In the Walt Disney film, “Bambi,” Thumper the rabbit had a simple philosophy: “If you can’t say something nice, don’t say nothin’ at all.” On the other hand, Washington socialite Alice Roosevelt Longworth, famously had a pillow emblazoned, “If you can’t say something good about someone, sit right here by me.” In today’s Twitter-sphere, it appears that Thumper’s advice is ignored, and Mrs. Longworth’s approach is embraced, especially by President Trump. Is this the behavior of leaders and elected officials? Isn’t there a higher standard?
Yes, there is. Or, at least, there should be. Officials at all levels of government may be elected because of their popularity, but most of the work after the election centers on policy, not popularity. Constituents expect their elected leaders to be workhorses on their behalf, not show ponies trotted out for special occasions. The everyday work of governance isn’t superficial; it goes deeper into concepts, issues, judgment, and solutions. Governance also requires the highest standard of ethics. Behavior matters. What an elected official says, or tweets, matters, especially when that elected official is the president of the United States.
Campaigns and elections make candidates fair game for all sorts of comments and accusations. That seems to be the nature of the process, and it’s not new. What is new is the medium. The broadsheets and stump speeches of the 1800s have been replaced by electronic media that can bombard and castigate around the globe in seconds, day and night, with little or no care about separating truth from fiction. Without a filter or impulse control, an elected official, like the president, can destroy decades of progress in mere seconds.
A leader needs to rise above attacks on policies or personalities. Somebody has to be the grown-up, and resist the immediate urge to strike out, or strike back, at anything written, spoken, or tweeted. Develop a thick skin, let things roll off your back, be slow to boil (but quick to act in the public interest when necessary), and measured in response to almost everything. It’s not about you, but about the public trust that is in your care, and the high standards of ethics and ethical behavior that, if you don’t possess innately, are outlined carefully in local, state, and federal law. Candidly, though, if you don’t have an inborn ethical compass, you have no business running for office.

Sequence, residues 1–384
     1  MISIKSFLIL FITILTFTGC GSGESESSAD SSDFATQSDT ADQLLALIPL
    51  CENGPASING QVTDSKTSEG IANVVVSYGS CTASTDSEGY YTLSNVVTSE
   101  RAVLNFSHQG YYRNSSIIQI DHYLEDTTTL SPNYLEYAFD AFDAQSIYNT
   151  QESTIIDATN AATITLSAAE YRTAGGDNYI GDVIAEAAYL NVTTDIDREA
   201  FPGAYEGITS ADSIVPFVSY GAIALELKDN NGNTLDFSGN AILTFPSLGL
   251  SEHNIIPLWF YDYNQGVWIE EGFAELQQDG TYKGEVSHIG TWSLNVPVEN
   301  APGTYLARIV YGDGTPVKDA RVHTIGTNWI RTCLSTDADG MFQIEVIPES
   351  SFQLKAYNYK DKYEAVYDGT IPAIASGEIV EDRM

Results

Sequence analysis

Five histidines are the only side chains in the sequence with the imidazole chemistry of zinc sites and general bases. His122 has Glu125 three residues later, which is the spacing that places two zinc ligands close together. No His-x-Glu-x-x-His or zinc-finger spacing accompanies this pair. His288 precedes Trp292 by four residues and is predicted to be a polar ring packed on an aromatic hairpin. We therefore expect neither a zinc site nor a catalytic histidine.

So what do we do? What do we do when the president of the United States appears to have such a gap in common decency, compassion, and understanding of the underpinnings of our history or democratic processes?
We fight. Like the millions of women (and men) who marched on the day after the Inauguration, we fight! We don’t allow normalization of such behavior. We teach our children, and grownups, too, that denigrating people, whether individuals or entire faith and ethnic populations, never is acceptable. Speak out. Speak out in social settings, civic meetings, at the dinner table, and in the office. Our basic human values need to be reiterated and reinforced, or we lose them.
My paternal grandfather, a longshoreman, lived by the Golden Rule — Do unto others as you would have them do unto you. It’s a little loftier than Thumper’s philosophy, but both provide a more rational approach than what we hear from the occupant in the White House these days.
Penny Gross is the Mason District Supervisor, in the Fairfax County Board of Supervisors. She may be emailed at [email protected]